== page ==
Wednesday 12 September 2012

Repute and Establishment in the Antiquities Trade

The paid blogger lobbying for the ancient coin dealers' professional associations has a few words of advice today about buying antiquities from war-torn Syria (Tuesday, September 11, 2012, ICOM Working on Syrian Red List ). Cultural Property Observer:
wishes to join others in their concern about the consequences for archaeology of the chaos in Syria. [...] Many Syrian artifacts are self-evident to the knowledgeable scholar and collector, and while most do not reach the level of high art, CPO counsels against acquisition of anything that is clearly of Syrian origin from anything other than reputable sources.
Ah, that's nice - but what lies behind such words? He was asked by me in the comments to that post, for the meaning of "reputable" sources:
Meaning? How would you define that concept ? What kind of repute and by what scale is it measured? What about objects of potential Syrian origin? 
Ignoring the final part of the question (a pretty significant one as far as I am concerned) he replied:
 If someone buys from an established dealer (preferably one associated with one of the recognized trade associations) they can generally buy in confidence. As you may know, there must be hundreds of thousands if not millions of objects of potential Syrian origin that left the country long ago with an uncertain provenance. Any due dilligence should recognize that fact.
No, any REAL due diligence would not touch with a barge-pole any of those items "presumed"  to have been licitly exported "long ago" from Syria but without any way to prove it. They do not exist for the truly responsible collector. A dealer who offers such items without any explanation upfront, hoping the potential buyer will "presume" they are kosher without checking should not be touched with a barge-pole. Drive the cowboys out of the trade. Let us "recognise the fact" that this is PRECISELY the mechanism by which the looted material will "surface" on the market. A market so easily contaminated with such material and which takes no steps whatsoever to do anything about it cannot be considered to be a licit market.

So "reputable sources"  are defined by Mr Tompa as "an established dealer", preferably one "associated with" the "recognised" trade associations. What actually does that mean and what safeguards are there? An established dealer (Windsor Antiques and Palmyra Antiquities has recently made a plea deal in a US court and is awaiting sentencing. He established his business in 1995. So is Mr Khouli an "established dealer" according to Mr Tompa? What about Frederick Schultz Ancient Art, run by the former president of the National Association of Dealers in Ancient, Oriental, and Primitive Art? Or Malter Galleries, well established in time (by his own account) to give Bruce Mc Nall his start in coin dealing? Subhash Kapoor has been dealing in New York for several decades, but I personally will not be buying anything from him on those grounds alone. I do not reckon you can get more "established" than auction houses like Sotheby's or Christie's, but then a perusal of the pages of "Looting matters" suggest that even objects sold by these venerable "institutions" of the art world (and a few others beside) sometimes turn out on closer inspection to nevertheless have extremely troubling collecting histories.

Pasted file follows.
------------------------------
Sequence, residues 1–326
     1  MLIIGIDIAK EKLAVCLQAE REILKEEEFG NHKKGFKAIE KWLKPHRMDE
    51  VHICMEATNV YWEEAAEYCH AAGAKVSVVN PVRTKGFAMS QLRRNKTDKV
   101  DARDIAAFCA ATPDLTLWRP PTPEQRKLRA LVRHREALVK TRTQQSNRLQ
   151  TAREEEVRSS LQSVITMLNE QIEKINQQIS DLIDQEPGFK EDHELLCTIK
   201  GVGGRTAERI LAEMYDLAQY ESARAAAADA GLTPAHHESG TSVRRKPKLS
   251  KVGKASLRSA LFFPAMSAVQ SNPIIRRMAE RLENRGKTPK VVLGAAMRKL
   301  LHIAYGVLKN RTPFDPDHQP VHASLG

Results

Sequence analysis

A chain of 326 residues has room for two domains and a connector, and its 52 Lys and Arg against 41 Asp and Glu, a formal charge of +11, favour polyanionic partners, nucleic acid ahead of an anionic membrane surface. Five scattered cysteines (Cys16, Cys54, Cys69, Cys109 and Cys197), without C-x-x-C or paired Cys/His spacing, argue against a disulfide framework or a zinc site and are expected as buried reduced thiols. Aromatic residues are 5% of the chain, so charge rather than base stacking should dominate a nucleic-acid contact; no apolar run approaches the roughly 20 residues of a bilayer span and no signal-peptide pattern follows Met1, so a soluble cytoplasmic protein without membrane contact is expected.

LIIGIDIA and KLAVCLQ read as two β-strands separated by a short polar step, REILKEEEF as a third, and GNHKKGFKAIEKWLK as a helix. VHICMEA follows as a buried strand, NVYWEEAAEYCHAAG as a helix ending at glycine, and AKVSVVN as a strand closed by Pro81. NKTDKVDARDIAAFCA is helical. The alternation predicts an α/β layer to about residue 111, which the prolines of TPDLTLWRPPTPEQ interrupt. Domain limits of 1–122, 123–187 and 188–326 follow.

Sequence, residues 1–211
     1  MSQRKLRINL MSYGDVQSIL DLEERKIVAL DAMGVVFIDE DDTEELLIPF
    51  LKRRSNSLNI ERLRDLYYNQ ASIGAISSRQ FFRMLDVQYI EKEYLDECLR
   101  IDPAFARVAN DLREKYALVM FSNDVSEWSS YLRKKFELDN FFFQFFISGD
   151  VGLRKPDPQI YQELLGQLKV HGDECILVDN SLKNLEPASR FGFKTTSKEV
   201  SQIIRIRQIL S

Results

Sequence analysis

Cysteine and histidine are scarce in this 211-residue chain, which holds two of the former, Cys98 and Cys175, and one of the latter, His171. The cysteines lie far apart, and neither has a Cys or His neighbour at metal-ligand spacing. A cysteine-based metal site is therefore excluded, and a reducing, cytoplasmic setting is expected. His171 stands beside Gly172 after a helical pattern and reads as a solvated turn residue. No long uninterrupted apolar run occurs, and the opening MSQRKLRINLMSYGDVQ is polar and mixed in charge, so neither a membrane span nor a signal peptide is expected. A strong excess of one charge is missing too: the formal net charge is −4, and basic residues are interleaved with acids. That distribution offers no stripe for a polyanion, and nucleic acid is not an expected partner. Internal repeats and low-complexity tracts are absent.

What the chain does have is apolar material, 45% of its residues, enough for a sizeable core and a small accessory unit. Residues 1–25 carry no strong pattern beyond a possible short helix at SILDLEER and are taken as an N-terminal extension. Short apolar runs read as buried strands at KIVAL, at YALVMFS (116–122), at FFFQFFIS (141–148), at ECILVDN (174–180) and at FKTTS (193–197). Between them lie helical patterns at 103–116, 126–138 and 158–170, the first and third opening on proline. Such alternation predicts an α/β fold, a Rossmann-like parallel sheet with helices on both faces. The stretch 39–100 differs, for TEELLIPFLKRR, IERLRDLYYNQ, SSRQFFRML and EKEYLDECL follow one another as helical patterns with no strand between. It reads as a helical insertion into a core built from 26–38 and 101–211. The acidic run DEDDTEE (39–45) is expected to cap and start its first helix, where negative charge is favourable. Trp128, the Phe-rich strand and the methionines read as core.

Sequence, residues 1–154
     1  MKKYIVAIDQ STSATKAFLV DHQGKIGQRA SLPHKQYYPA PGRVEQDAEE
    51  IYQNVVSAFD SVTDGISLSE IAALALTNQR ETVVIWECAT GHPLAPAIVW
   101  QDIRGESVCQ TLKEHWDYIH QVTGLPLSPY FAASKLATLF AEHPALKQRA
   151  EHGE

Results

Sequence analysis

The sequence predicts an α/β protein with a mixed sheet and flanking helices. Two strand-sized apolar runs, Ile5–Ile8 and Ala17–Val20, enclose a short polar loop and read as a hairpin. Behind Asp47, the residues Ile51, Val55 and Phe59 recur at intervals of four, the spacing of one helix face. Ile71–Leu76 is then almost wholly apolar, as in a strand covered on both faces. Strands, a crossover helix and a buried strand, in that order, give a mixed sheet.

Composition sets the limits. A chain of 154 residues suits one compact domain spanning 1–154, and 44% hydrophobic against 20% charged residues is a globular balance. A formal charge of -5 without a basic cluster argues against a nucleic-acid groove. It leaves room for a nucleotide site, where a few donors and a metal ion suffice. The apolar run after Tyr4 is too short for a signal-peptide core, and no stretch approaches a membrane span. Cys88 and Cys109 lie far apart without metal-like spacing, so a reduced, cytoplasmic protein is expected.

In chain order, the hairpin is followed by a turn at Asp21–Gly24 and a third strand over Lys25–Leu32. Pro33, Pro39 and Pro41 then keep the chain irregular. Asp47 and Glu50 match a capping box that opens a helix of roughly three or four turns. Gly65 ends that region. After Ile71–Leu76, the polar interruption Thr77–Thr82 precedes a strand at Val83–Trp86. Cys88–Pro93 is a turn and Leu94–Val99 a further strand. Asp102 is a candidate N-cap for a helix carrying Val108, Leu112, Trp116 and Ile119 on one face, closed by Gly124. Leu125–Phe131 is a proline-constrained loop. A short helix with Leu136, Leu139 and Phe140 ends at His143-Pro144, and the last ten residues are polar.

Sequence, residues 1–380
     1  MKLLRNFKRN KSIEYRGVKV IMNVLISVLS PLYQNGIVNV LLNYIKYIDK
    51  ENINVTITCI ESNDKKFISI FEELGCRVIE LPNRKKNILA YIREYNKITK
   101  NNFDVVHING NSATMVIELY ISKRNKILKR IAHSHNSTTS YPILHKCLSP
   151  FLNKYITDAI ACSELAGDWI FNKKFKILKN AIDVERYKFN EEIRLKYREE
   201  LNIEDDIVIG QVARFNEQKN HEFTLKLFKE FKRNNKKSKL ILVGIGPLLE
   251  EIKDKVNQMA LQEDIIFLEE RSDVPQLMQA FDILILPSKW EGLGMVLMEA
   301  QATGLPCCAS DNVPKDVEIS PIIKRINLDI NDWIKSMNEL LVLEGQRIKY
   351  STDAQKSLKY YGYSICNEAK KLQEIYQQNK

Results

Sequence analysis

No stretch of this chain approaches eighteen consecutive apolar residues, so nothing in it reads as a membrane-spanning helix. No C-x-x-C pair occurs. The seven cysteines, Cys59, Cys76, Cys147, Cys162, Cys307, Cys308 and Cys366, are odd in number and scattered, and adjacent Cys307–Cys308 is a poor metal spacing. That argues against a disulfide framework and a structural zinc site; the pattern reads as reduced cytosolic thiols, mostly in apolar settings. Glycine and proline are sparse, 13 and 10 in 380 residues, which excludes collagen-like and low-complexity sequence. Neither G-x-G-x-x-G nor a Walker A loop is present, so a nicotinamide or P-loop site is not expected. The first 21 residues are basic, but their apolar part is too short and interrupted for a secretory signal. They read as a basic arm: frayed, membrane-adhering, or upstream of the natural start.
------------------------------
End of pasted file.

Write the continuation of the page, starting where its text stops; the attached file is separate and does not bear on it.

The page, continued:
I am sure I could find more examples of "established" dealers who belong to no end of "recognised trade associations", but I think it is clear that in this trade the fact that somebody has been trading a long time and not yet got caught out (or at least convicted) is no guarantee of kosherness of the objects offered unless they are supported buy other verifiable documentation. Even Mr Eisenburg and the Brothers Aboutaam, suppliers to the world's major museums,  have found themselves with items on their hands that they've thought the better of keeping...

And what of those "recognised" trade associations? What actual guarantee does membership of one or other of them offer? To have any clout, the association has to take active steps to police what their members are doing, not just react if a problem is brought to their attention and loudly talked about. How many of them have an active ethics committee? What percentage of their members are investigated each year? What about the AIAD and the sellers of Pa-Miw shabtis for example? What action has the AIAD taken against their members who have them in their stock? And by whom do these "trade associations" have to be "recognised" (and why)? Anyone can set up a trade association, antiquity and coin dealers have a variety to choose from, if they get chucked out of one they can join another, no-questions-asked.

This (vague "established", "reputable" and "recognised trade associations" nonsense) is just so much antiquitist claptrap isn't it? These words, in fact, mean absolutely nothing.

The obvious conclusion is that "reputation" and "establishment" is a smokescreen for the could-not-care-less. The ONLY measure by which any individual item's legitimacy can be measured in today's market is not what a nice suit the seller has on, or how nice his smile and firm his handshake is. it is not what a flashy, professional looking website he has, it is not how nice his gallery in the best part of town looks.  These are superficial distractions. What is important in today's market is how well the reputable seller can document the legitimacy of the objects he is offering. 

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